The former would see Shyamalan write, direct, produce, and star (a sign of things to come) in a self-reflective story about an Indian American, who was raised in the States who goes to India to study, and a conflict of Western and Native culture collide.
Clearly, there is a lot of the director’s love and labour thrown into this project as he covers every aspect of the production process.
Six years later (1998) Shyamalan would venture into his sophomore feature with Wide Awake, a comedy drama starring Denis Leary, Dana Delany, and Rosie O’Donnell.
Once more faith, and religion (a reoccurring them in Shyamalan’s work) would play a part in this story, as a 10-year-old searches for answers around life and death.
Another signature that would return for the third movie and the film that would put Shyamalan’s name on the map would be to tell the story through the eyes of a young boy, capturing the essence of innocence in a ‘brave new world’.
The Sixth Sense
The blessing and the curse
The film was nominated for six Academy Awards and thrust Shyamalan into the spotlight.
The Sixth Sense has been referenced and parodied on numerous occasions, and cemented itself firmly into pop culture.
Starring Bruce Willis, Toni Collette, and career defining performance from Hayley Joel Osmont.
Despite all the accolades thrust toward the movie, because of its ‘surprise ending’, it falls into the trap of lost magic, once the reveal is apparent.
People may have been keen to re-watch and scrutinise every aspect for the clues set up along the way, but essentially, you could never capture THAT moment again with repeat viewing.
It’s a strong contender in Shyamalan’s canon of work, but arguably not his finest hour for this writer.
Personally, I don’t feel he has managed to top his follow-up movie…
The elevation of success continues
Bruce Willis would once again work alongside Shyamalan following the success of The Sixth Sense.
This time Samuel Jackson and Robin Wright, rounding out a stellar cast that would accompany him.
Shyamalan’s ode to the comic book genre has been labelled as one of the best superhero movies of all time and you can clearly see the director’s love for the subject.
Unbreakable is a wonderful shot and beautifully told story that pits Willis’ David Dunn, a man who discovers that he is as the title suggests, unbreakable when he is the lone survivor of a train crash.
Dunn pits his strength and wits against Jackson’s Elijah, his polar opposite in that his body is prone to fracturing easily and in my mind, one of the best things about the film is the way Shyamalan’s narrative leads you to believe and identify with the reasons that Elijah resorts to villainous behaviour, a topic that many have tried but failed to convey.
Shyalaman’s third success would come in the form of…
The last hurrah?
Signs would complete Shyalaman’s hat trick of successes before his fall from grace.
Once more faith is put under scrutiny when Gibson’s Father Graham Hess is struggling to identify with his religion after the loss of his wife.
It’s his acceptance of that grief that shoulders him and ultimately his family through an alien invasion that threatens their way of life.
With each movie Shyamalan has released his formula had been pretty consistent, but audiences were starting to wisen up to his craft.
His next feature would break the camels back and see a downward trend in Shyamalan’s fortunes.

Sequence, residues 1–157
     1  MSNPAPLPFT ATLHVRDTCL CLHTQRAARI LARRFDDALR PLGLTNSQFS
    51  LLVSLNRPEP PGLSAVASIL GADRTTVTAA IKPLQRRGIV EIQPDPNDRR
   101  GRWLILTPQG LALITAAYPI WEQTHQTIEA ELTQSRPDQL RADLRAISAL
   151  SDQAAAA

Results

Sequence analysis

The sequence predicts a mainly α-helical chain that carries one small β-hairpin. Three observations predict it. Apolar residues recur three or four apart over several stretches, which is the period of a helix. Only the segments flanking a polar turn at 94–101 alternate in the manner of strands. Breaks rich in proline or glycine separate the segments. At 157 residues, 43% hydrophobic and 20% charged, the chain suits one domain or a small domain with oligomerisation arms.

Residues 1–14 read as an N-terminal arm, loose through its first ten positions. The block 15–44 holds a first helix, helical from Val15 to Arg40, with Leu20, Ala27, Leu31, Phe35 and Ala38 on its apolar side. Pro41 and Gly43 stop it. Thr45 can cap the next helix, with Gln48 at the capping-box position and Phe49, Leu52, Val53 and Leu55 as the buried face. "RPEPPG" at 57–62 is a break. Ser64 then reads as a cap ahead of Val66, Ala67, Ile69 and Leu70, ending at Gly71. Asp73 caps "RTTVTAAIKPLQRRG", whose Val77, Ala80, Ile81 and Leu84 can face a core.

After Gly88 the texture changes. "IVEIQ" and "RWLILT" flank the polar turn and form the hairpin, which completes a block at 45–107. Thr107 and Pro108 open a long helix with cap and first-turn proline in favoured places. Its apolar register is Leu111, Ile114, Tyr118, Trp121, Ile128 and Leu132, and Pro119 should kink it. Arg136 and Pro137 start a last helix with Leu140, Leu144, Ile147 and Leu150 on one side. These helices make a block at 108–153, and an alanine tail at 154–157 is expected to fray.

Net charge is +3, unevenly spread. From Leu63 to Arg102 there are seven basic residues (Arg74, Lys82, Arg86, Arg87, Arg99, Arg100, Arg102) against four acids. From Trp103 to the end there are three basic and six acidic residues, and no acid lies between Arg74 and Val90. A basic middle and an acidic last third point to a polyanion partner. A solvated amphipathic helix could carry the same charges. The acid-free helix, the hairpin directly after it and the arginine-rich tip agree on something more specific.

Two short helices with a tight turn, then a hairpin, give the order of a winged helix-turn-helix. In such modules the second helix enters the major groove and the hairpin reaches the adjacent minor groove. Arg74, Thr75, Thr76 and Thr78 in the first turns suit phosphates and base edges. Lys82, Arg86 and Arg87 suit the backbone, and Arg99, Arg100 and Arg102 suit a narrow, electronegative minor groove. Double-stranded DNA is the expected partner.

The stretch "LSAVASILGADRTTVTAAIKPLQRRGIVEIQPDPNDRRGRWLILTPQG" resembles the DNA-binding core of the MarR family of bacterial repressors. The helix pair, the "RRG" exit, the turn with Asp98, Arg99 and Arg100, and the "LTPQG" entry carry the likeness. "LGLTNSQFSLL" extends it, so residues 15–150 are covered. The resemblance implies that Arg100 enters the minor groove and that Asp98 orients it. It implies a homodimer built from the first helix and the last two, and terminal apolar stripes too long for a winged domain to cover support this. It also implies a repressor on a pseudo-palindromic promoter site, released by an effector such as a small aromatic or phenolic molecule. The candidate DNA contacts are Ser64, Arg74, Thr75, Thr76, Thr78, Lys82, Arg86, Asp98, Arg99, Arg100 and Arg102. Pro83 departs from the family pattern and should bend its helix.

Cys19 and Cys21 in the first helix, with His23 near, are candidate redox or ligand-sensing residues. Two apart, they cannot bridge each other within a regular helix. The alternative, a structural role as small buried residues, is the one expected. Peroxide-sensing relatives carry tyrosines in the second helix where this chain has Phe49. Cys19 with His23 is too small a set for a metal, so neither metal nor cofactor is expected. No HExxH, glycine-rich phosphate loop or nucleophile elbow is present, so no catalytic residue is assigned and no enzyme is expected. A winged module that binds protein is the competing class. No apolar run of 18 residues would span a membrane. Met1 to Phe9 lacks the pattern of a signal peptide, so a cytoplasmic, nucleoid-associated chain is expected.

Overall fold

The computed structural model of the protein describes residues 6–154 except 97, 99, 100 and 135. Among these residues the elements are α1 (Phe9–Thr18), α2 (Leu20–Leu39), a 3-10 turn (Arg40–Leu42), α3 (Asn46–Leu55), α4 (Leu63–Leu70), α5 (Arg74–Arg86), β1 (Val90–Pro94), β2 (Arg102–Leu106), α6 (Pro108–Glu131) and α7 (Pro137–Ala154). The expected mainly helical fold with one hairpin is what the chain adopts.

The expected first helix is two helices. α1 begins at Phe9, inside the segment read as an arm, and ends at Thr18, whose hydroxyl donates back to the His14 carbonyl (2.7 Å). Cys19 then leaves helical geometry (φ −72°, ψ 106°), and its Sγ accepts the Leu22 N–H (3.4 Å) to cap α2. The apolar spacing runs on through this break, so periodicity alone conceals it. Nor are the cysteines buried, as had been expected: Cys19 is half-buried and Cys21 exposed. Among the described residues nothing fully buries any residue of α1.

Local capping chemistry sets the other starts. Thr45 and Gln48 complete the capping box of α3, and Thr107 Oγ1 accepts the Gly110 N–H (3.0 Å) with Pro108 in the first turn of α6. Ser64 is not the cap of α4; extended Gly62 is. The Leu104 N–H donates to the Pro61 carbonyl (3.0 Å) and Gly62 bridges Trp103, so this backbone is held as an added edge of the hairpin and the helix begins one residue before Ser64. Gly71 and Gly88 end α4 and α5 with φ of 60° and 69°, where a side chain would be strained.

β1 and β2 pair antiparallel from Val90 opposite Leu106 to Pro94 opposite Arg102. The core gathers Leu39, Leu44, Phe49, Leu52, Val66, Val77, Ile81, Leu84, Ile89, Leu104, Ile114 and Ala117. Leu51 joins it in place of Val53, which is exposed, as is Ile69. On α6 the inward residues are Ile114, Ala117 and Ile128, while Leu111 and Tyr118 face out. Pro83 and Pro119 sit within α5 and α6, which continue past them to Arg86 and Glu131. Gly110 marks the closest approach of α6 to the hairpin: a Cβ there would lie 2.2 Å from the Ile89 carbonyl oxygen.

The one trick ponyrevealed
I’m gonna ask a question here relating to The Village, which in my opinion has received unfair criticism towards it.
If Shyamalan had not been the director, would we (the audience) have been so scornful?
Too many people had become familiar with the directors trick of adding a surprise ending that when said trick arrived in The Village, there was a sense of being let down.
“Oh, is that it? WTF!!”
However, if you take Shyamalan out of the equation and simply look at the movie on its own merit, it’s actually a lot stronger than our immediate reactions warranted.
Joaquin Phoenix returns as Shyamalan’s latest muse, this time portraying Lucius one of the next generation of a secluded villagers that we’re led to believe darkens back to days of yore, such is the existence that the inhabitants lead.
Believing that their secret is set to be exposed, the Elders are rescued by a stroke of luck when a blind girl, Ivy (Bryce Dallas Howard) ventures out into the outside world to retrieve some much needed medicine.
As I said, I liked this movie. Agreed not Shyalaman’s finest hour but it’s a solid movie.
Any fans of the directors work that found themselves sitting on the fence of uncertainty about Shyalaman’s directing prowess, would find their confidence drift further with his follow up film…
Lady In The Water
The fall from grace
There’s no doubt in my mind that Shyalaman is a smart man.
His intelligence brims to the surface of all of his movies.
But like another smart man once said, ‘With great power comes great responsibility.’
And with his recent run of successful movie hits, one can’t help but thing that Lady In The Water is an example of how the directors vision had left his vision firmly in the clouds.
You have to commend him for the effort portrayed in infusing a fantastical world based in reality, but Shyalaman is so absorbed in his own creation and egotistical views that he fails to see the bigger picture, and because of this, he loses his audience in a convoluted mess of a fairy tale.
What makes it worse, is the now notorious self-casting of the writer come to save us all.
It feels so egotistical that and the delusion is worrying sign for a director/writer who had shown so much promise.
And as if he were hell-bent on destroying his career, Shyalaman decides to kill off a character within the plot who just so happens to be a movie critic.
If Lady In The Water has one saving grace, it’s that Giamatti’s performance keeps the narrative bopping above the surface, but not even the addition of a good cast in support, notably Bryce Dallas Howard as the nymph, Story, and Jeffrey Wright as Mr Dury can help save this film from drowning in a pool of its own vomit.
So, where to from here?